Putting too much stock in early presidential polling is ill-advised. Just asked U.S. president Jeb Bush.
Similarly, putting too much stock in last-minute presidential polling is also ill-advised. Just ask U.S. president Hillary Clinton.
Public faith in the accuracy of political polls is at an all-time low after the 2016 election, although a few surveyors correctly called U.S. presidentDonald Trump’s upset victory (most notably Robert Cahaly of the Atlanta, Georgia-based Trafalgar Group).
How accurate is the data published by California-based Change Research? We will find out soon enough, but so far the group’s initial surveys of the 2020 Democratic presidential election have tracked pretty consistently with other surveys of early-voting states.
According to the firm’s latest data, reported on exclusively by Andy Shain of The (Charleston, S.C.) Post and Courier, former U.S. vice president Joe Biden continues to lead all comers in the 2020 “First in the South” presidential primary election.
Biden is drawing the support of 37 percent of likely Democratic presidential primary voters – more than twice the support received by his nearest rival (but down by nine percent from a Change survey released last month).
So what is more significant? Biden’s big lead? Or the fact his rivals are starting to eat into his advantage?
We think it is the latter …
Biden’s struggles appear to be finally dragging him down … and our guess is that his support will continue to erode in future polls.
Who is most likely to benefit from Biden’s slippage?
Ordinarily, we would have said socialist U.S. senator Bernie Sanders of Vermont, but his support (in early-voting South Carolina, anyway) appears to be slipping. In the latest Change survey, Sanders drew the support of only nine percent of likely presidential primary voters – down by six percent from last month.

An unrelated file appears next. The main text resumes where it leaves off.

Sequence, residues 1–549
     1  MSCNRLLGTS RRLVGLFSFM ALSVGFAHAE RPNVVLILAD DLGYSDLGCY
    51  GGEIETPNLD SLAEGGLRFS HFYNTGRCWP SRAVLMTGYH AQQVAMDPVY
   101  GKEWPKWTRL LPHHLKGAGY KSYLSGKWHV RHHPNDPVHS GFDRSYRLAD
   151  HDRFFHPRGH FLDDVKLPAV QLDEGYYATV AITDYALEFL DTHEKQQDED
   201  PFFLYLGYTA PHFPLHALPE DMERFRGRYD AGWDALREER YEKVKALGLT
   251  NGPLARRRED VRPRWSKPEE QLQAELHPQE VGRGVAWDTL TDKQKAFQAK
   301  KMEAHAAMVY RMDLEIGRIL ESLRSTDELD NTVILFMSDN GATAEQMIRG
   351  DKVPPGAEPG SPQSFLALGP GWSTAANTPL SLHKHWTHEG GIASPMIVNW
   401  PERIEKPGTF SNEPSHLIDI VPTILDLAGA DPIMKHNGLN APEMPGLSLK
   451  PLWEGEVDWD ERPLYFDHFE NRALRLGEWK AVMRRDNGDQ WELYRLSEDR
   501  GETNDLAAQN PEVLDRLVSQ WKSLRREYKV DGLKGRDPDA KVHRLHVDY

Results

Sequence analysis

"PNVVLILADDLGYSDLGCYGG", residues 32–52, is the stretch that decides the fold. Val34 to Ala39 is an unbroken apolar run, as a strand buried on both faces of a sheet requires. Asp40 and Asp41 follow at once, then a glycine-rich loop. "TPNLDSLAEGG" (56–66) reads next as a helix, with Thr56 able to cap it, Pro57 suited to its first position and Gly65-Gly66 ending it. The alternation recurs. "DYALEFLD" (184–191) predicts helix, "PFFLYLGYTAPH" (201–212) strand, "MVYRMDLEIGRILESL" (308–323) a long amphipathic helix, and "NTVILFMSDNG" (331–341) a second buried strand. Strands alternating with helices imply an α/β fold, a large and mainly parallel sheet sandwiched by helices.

Meanwhile, U.S. senator Elizabeth Warren of Massachusetts is moving in the other direction. After a disastrous campaign launch in which she was mercilessly pilloried for falsely claiming native American ancestry, Warren has steadied herself with substance – including a populist plank to cancel the majority of student loan debt in the United States (up to $50,000 per person).
Ill-conceived though it may be, Warren’s proposal has attracted considerable support amongst the liberal electorate – pushing her higher in the polls. The latest Change survey has her all alone in second place in South Carolina with 17 support – up nine percent from where she was a month ago.
South Bend, Indiana mayor Pete Buttigieg has also seen his Palmetto State prospects improve, although his momentum is nowhere near as strong as Warren’s. Buttigieg – who continues to struggle with black voters – clocked in at 11 percent in the latest Change survey, up three percent from a month ago.
Finally, would-be top-tier candidates like U.S. senator Cory Booker of New Jersey and former U.S. congressman Beto O’Rourke of Texas continue to underwhelm in South Carolina – drawing five percent and four percent support, respectively, according to the latest Change data.
Those numbers are modestly better for Booker and O’Rourke compared to last month’s Change data, but still well below expectations for these big-name, big-dollar candidates.
WANNA SOUND OFF?
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